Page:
In a recent meeting at her Santa Monica studio, Albuquerque explains that her project will involve placing spheres on the ice representing 97 of the brightest stars overhead at the summer solstice, which will occur when the group is there. If all goes well -- and if they can persuade enough people at McMurdo to participate -- the team will also stage a performance in which participants pick up the spheres and move in a counterclockwise spiral, mirroring the pattern of the stars. Plans also are afoot for a webcam and a blog.
The spheres will be painted ultramarine blue -- a color Albuquerque uses in much of her work -- and made in seven sizes to correspond to the luminosity of the stars they represent. The largest will be Sirius, the Dog Star in the constellation Canis Major, which will be 4 feet in diameter. The smallest spheres, 52 of them, will be 10 inches in diameter
Dotting a long table in the middle of the studio is an arrangement of a dozen blue spheres. Most of these are stand-ins made of polystyrene, a material prohibited in Antarctica, where the United States adheres to self-imposed environmental regulations.
"Everything taken in must be taken out," says Balm, who teaches astronomy at Santa Monica College. "And everything placed outside must be able to withstand a hurricane-force storm. Polystyrene can't do that. It will break up into little pieces and fly around."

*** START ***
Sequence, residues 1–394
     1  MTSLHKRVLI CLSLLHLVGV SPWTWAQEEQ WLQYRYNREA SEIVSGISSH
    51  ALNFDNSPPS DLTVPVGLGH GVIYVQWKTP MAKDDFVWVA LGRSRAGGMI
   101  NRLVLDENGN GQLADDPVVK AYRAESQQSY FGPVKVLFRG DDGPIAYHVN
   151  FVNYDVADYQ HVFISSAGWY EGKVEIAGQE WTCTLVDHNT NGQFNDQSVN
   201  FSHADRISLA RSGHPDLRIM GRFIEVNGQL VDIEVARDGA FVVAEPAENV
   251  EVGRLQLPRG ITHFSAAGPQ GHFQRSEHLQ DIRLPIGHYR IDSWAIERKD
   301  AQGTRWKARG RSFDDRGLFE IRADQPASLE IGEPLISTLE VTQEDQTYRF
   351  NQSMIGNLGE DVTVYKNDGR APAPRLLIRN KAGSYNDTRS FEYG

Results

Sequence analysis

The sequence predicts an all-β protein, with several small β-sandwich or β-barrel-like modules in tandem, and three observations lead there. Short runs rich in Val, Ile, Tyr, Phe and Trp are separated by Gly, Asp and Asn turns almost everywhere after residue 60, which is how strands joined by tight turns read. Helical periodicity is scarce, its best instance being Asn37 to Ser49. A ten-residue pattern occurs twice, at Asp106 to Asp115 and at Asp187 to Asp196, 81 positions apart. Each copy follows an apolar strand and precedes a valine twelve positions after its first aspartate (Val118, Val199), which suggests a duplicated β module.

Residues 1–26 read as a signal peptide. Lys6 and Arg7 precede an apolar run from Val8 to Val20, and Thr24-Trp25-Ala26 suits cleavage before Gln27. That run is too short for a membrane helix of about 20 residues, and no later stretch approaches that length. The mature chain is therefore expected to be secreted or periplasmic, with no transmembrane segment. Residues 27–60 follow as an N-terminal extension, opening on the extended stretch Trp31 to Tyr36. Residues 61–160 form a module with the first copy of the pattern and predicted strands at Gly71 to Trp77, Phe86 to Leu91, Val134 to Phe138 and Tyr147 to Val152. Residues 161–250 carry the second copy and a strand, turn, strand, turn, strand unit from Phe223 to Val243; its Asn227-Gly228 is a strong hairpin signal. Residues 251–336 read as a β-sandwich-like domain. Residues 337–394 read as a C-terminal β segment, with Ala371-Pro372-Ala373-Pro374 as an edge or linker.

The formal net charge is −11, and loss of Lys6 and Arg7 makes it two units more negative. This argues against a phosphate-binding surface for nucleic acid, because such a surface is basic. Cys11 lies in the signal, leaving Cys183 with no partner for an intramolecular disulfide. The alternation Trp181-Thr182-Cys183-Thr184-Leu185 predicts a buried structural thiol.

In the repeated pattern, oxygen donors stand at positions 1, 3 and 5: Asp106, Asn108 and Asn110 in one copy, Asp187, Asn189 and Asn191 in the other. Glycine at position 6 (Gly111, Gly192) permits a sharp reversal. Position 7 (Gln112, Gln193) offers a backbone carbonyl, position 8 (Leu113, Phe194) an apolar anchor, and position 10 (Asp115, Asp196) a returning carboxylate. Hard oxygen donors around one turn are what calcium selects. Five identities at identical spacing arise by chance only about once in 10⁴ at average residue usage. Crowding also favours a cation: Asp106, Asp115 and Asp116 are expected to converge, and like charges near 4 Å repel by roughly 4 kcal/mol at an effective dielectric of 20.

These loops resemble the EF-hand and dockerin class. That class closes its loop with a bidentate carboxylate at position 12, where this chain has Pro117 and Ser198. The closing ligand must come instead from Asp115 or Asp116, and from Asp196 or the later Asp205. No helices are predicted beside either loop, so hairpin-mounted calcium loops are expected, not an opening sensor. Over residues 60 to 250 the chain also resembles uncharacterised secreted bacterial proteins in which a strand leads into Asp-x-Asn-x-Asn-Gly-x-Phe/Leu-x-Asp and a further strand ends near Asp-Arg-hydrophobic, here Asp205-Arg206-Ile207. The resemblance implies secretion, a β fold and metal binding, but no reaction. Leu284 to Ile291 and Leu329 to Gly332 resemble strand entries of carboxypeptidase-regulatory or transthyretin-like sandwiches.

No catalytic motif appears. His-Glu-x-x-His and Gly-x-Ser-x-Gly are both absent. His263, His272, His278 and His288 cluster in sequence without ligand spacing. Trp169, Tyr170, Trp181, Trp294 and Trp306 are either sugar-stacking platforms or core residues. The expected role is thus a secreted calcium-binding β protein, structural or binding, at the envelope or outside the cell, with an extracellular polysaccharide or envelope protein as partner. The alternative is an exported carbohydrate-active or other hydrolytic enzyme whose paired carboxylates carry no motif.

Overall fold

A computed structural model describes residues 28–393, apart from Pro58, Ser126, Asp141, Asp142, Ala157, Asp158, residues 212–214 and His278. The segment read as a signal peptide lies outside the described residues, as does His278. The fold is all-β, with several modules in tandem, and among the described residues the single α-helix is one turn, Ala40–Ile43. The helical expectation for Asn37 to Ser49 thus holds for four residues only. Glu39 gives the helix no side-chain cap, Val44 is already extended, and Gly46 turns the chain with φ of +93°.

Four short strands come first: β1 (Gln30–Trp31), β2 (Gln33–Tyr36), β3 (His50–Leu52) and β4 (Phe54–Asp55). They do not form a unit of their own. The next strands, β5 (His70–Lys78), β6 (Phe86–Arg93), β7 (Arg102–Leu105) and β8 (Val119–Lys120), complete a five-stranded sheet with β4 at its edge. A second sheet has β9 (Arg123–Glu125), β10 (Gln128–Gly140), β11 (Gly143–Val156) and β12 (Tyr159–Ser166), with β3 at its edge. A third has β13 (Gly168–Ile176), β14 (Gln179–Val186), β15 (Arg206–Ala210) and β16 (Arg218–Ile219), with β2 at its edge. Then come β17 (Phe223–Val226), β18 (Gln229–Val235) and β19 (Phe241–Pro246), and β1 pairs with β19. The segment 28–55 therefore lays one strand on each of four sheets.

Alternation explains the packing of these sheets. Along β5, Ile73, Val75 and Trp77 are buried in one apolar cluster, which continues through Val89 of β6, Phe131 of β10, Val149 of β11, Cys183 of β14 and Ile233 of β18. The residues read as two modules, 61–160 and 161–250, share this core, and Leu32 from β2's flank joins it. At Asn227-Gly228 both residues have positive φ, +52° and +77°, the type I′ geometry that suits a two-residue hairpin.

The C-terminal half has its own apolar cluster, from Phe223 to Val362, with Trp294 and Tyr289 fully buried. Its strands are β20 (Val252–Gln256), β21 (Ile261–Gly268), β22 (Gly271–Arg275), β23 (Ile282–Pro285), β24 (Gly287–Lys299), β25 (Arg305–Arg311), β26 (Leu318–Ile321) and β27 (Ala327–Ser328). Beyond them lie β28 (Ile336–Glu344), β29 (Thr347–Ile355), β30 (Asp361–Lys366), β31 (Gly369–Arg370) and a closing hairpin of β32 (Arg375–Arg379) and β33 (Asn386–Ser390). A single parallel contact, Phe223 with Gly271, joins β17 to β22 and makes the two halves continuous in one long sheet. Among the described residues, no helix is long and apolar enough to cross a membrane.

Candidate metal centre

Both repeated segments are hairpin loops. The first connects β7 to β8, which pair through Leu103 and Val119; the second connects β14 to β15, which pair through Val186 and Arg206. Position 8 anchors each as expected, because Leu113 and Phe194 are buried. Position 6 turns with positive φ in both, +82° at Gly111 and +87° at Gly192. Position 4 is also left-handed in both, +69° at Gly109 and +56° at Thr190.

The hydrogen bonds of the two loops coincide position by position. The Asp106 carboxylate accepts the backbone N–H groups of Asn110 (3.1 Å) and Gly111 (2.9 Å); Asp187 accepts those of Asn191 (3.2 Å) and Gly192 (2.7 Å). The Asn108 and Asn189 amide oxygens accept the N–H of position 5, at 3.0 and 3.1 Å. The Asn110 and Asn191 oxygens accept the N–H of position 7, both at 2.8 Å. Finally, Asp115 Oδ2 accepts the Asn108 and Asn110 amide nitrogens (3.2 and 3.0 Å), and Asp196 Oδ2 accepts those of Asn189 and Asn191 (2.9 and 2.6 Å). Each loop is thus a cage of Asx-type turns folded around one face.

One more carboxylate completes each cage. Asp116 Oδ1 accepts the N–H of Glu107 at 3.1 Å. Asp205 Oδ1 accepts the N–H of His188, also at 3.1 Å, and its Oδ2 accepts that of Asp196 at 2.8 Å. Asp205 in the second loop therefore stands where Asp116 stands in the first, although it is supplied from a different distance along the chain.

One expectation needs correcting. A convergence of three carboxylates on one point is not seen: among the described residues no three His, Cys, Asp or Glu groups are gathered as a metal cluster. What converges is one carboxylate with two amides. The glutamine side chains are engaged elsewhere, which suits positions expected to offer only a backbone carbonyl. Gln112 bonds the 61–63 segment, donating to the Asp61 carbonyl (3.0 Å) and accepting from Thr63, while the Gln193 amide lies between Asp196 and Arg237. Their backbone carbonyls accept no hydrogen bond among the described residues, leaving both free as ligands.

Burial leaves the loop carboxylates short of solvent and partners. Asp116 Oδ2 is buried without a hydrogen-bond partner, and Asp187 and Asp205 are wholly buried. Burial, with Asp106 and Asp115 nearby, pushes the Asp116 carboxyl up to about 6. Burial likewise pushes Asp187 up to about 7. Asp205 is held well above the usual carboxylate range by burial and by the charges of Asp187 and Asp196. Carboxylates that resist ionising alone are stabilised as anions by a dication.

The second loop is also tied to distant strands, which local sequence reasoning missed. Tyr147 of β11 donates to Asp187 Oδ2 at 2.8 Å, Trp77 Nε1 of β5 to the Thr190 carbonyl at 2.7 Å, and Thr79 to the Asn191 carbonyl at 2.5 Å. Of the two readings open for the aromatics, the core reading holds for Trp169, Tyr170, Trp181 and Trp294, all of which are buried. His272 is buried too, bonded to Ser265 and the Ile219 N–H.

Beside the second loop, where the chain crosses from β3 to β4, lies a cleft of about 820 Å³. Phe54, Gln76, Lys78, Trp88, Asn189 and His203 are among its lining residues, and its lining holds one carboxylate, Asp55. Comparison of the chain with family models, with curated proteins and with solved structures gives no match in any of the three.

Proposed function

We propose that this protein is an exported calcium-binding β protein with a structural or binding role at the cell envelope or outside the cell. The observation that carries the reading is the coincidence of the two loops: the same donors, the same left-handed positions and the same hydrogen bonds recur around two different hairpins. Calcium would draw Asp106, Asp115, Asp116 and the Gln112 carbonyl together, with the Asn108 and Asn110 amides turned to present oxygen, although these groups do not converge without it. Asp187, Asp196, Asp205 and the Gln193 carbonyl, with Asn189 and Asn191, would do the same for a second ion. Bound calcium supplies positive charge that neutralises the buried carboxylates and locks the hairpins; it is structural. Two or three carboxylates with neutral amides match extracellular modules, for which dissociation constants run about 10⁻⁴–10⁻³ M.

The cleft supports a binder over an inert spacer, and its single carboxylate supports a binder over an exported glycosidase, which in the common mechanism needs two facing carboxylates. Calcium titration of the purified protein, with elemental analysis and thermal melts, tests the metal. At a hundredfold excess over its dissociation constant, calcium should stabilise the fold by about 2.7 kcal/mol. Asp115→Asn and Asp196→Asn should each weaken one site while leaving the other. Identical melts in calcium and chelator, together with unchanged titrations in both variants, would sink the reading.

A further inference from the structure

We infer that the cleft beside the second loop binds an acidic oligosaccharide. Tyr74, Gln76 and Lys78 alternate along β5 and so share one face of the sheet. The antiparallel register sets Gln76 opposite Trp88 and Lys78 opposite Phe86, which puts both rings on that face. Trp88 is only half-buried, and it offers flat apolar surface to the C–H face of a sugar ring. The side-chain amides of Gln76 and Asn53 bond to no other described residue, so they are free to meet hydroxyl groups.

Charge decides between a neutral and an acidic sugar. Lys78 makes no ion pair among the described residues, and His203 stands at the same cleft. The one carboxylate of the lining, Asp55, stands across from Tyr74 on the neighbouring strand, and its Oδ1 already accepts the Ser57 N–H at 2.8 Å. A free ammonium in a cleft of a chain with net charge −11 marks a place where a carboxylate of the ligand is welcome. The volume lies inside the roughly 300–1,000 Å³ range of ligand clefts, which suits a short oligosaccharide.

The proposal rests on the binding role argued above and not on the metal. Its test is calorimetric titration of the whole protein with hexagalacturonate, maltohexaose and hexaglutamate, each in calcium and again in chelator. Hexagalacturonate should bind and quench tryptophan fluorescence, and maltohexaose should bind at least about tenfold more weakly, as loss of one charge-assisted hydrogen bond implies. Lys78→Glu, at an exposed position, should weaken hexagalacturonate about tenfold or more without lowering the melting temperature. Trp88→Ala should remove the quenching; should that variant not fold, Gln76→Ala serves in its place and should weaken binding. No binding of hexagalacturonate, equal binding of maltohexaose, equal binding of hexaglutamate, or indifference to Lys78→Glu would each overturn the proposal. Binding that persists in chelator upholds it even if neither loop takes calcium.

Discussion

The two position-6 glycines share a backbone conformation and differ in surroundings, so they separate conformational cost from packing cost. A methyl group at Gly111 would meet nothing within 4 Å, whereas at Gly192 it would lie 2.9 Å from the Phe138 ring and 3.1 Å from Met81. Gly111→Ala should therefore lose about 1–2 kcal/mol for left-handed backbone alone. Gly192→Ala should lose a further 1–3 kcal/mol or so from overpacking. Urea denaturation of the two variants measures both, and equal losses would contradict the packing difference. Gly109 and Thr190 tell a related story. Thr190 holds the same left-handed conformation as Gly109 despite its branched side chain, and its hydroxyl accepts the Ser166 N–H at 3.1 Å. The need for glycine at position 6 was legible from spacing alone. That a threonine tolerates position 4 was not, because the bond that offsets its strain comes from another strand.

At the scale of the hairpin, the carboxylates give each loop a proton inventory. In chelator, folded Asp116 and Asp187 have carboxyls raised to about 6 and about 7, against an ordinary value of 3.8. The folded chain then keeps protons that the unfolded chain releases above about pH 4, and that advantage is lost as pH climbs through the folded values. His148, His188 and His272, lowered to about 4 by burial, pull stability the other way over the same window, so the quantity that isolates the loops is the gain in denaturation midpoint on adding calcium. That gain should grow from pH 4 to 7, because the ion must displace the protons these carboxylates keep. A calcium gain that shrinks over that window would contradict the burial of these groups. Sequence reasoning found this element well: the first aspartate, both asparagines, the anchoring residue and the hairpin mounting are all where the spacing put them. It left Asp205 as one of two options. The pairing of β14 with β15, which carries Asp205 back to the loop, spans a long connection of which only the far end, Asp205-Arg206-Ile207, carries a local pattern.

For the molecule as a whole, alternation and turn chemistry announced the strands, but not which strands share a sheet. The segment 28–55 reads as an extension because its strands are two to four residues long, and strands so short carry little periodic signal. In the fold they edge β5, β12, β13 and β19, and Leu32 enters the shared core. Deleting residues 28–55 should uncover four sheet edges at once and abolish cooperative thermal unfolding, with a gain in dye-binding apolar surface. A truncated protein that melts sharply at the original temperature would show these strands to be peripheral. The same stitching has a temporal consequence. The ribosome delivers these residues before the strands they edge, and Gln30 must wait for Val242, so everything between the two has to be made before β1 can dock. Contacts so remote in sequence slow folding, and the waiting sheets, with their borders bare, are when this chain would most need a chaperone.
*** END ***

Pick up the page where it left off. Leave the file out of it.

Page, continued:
To solve the problem, the group found a manufacturer in Compton, Performance Composites, to fabricate the spheres from fiberglass.
And when the NSF balked at shipping 97 spheres -- too bulky; the government's priority is scientific research, after all -- that led to another alternative: hemispheres. The half-spheres will be nested for shipping, cutting the bulk from about 650 to 200 cubic feet. The spheres will be assembled on the ice during the installation process.
But even with the compromises, art projects of this scale don't come cheaply. Under the terms of the grant, government support for Albuquerque and her team will include flying them from Los Angeles to Christchurch, New Zealand, and then on to McMurdo, six to eight hours away depending on the weather and type of aircraft. In Christchurch, each participant will be fitted with polar wear to withstand the extreme temperatures. The government also will feed and house them for the three weeks they plan to be there. Housing in Christchurch will be their own responsibility, as are the spheres, cameras, film and any other equipment.
Albuquerque says her $750,000 share includes preparation of a book and post-production work on the documentary film Pegrum will shoot. Fabrication of the spheres alone will cost $165,000, but Albuquerque is raising money by selling them. Each is named for the star it represents and will be priced according to size.